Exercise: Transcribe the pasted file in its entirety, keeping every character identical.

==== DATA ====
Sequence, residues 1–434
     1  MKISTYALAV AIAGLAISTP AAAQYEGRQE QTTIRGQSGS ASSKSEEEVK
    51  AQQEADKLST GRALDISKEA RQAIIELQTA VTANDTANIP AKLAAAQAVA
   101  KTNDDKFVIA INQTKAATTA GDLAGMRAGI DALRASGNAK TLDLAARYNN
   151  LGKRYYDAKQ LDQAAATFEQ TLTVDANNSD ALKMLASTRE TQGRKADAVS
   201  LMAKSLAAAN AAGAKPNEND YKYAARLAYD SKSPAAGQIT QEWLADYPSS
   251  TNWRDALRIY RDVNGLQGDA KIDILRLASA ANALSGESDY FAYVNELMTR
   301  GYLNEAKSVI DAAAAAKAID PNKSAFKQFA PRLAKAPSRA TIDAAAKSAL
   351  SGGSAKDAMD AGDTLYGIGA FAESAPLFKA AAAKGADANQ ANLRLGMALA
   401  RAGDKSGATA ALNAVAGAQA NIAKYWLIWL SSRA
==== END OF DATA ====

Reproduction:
Sequence, residues 1–434
     1  MKISTYALAV AIAGLAISTP AAAQYEGRQE QTTIRGQSGS ASSKSEEEVK
    51  AQQEADKLST GRALDISKEA RQAIIELQTA VTANDTANIP AKLAAAQAVA
   101  KTNDDKFVIA INQTKAATTA GDLAGMRAGI DALRASGNAK TLDLAARYNN
   151  LGKRYYDAKQ LDQAAATFEQ TLTVDANNSD ALKMLASTRE TQGRKADAVS
   201  LMAKSLAAAN AAGAKPNEND YKYAARLAYD SKSPAAGQIT QEWLADYPSS
   251  TNWRDALRIY RDVNGLQGDA KIDILRLASA ANALSGESDY FAYVNELMTR
   301  GYLNEAKSVI DAAAAAKAID PNKSAFKQFA PRLAKAPSRA TIDAAAKSAL
   351  SGGSAKDAMD AGDTLYGIGA FAESAPLFKA AAAKGADANQ ANLRLGMALA
   401  RAGDKSGATA ALNAVAGAQA NIAKYWLIWL SSRA